Md Toy Blog

Sharing UI Components


If you have been working on UI for a bit, you may have come across willing to reuse UI parts. Here we will cover the different approaches for sharing UI bits between projects.

  1. "Bootstrap" approach
  2. Javascript API approach
  3. "Share button" approach

1. Bootstrap Approach

You basically take a bunch of CSS and Javascript from the documentation, copy paste all of the script tags to your project, because figuring out which you exactly need is time consuming. Then you go back to the documentation, you copy paste your favorite component's HTML markup.

Cons: once you have copy pasted, you don't exactly know what parts of the markup you can change without breaking the UI. When you look at the attributes you don't know which are mandatory, which are semantic, which are mandatory, which are accessibility related etc. So you spend a lot of time reading the whole documentation.

2. Javascript API / SDK Approach

In this approach there is some Global Javascript (let's say Google API), that we import. Then, once the script has been fetched, it will call a our Global function. We also create a dom element that will act as a container, pass it to the SDK which will magically place its content in it.

Pros: There is some abstraction, so we don't have to mingle with the details. Cons: It requires DOM access, which is something that modern libraries like Angular or React discourage you to do, because it will be very difficult to server side render. The other thing is Global functions, which we should avoid.

3. "Share button" approach

Share button approach from Facebook. It's a mixture of loading some global javascript.

Cons: This is really confusing because they do some asynchronous javascript loading without using the async and defer attribute, instead they inject the script manually. Then once that happens, you have to place somewhere on your page some HTML that has to have a specific shape, by having a class and a bunch of data attributes that will be wrapped by the SDK and magically inject in the button. Goodish: The cool part is that if the SDK hasn't loaded, then we can simply put an anchor tag and it will simply work, but at the same time we see that at that point we have duplicate code with the url that we need to keep in sync, and it is very easy to overlook this.

Poor Developer Experience

If you write vanilla javascript, these approaches are ok, but once you try to couple them with libraries like React, Angular etc. then it quickly degrades to a poor developer experience, because

  • we access the DOM in a lot of cases (which they actively discourage).
  • It also requires you copy paste a bunch of code, so we quickly end up writing wrapper components around these things.

These wrapper components end up being out of sync, different features are implemented in one library not the other etc: one is trying to catch up with a security patch, the other is maintained by someone from the community who does not care about it anymore because they moved to another project etc. These create poor DX. For example for MDL (Material Design equivalent of Bootstrap) which has some stylesheets, some global javascript, and people write wrapper components around this; there is one for React, Preact etc.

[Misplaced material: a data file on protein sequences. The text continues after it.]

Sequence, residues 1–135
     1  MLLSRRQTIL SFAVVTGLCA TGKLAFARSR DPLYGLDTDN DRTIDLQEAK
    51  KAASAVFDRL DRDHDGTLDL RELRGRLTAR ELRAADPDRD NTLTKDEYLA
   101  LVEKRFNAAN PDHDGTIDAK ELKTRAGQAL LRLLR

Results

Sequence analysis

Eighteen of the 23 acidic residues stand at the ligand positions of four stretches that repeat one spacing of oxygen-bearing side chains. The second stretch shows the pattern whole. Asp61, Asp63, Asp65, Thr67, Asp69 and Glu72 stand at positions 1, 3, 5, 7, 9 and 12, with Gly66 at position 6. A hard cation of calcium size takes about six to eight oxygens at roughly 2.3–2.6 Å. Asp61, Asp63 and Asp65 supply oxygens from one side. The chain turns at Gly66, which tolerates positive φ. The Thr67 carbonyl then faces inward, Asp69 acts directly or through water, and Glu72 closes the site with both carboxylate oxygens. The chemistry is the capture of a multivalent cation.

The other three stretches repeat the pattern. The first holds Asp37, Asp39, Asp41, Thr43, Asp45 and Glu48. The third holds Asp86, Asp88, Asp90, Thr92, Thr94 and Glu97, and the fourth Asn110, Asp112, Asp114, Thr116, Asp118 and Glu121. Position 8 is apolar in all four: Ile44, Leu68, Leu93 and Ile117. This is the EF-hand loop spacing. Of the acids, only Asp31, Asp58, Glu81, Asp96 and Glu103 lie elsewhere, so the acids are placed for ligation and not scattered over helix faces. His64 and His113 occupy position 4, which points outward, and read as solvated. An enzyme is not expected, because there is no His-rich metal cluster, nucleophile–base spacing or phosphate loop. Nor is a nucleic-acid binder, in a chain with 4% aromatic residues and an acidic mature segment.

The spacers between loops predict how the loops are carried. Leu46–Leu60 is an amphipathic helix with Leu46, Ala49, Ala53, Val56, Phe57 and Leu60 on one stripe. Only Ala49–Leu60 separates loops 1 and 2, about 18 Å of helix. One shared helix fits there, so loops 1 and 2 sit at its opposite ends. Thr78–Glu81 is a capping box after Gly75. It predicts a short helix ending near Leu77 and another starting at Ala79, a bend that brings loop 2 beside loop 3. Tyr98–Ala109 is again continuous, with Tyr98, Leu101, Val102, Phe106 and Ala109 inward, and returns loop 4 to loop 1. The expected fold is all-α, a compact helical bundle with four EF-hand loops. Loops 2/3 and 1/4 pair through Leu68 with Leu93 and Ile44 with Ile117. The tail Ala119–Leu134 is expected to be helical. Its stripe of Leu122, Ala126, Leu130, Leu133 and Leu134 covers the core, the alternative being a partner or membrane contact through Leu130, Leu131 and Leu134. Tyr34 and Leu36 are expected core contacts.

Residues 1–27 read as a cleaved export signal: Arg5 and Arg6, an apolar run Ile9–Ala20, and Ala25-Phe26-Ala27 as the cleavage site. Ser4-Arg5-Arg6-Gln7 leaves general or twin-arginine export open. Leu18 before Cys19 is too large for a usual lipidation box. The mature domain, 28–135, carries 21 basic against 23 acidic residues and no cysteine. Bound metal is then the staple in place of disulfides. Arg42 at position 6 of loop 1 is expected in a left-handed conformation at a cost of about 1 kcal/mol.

Web Components

Is this native thing that has been defined in 4 specs

  1. Custom Elements
  2. HTML Templates
  3. Shadow DOM
  4. HTML imports

The great thing is that you can use them as a div.

Attributes vs. Properties

The difference between attributes and properties is really important.

Element Attributes are those that you define in html markup. They allow you to pass information to your component, but they only support simple data like string. We could stringify data and pass it in but performance would be really bad.

<date-picker value="5" disabled></date-picker>


Element Properties are the properties on an instance of a class. But the two are not directly connected, even though we could connect them by implementing getters and setters on the element class and use this.setAttribute(), this.removeAttribute() or this.hasAttribute(). Anyways, here we are not concerned about this. Just for the sake of demonstration, properties are for example :

const el = document.querySelector('date-picker');
el.value = 99;


But unlike with attributes, we can pass more complex data to element properties like array for example:

el.range = ['2010-01-18', '2019-01-01'];
el.disabled = false;


Using the this.setAttribute allows you to hook event listeners on attribute changes etc.

2. HTML Templates

const tmpl = document.querySelector('date-picker-template');


The fastest way to copy stuff over and over into your page because it is directly provided by the browser.

3. Shadow DOM

class MyEl extends HTMLElement {
  constructor() {
     const myshadow = this.attachShadow({mode: 'open'});

4. HTML Imports

They are discontinued and discouraged. Everyone is focusing on javascript modules instead.

Support is pretty good

Using polyfill.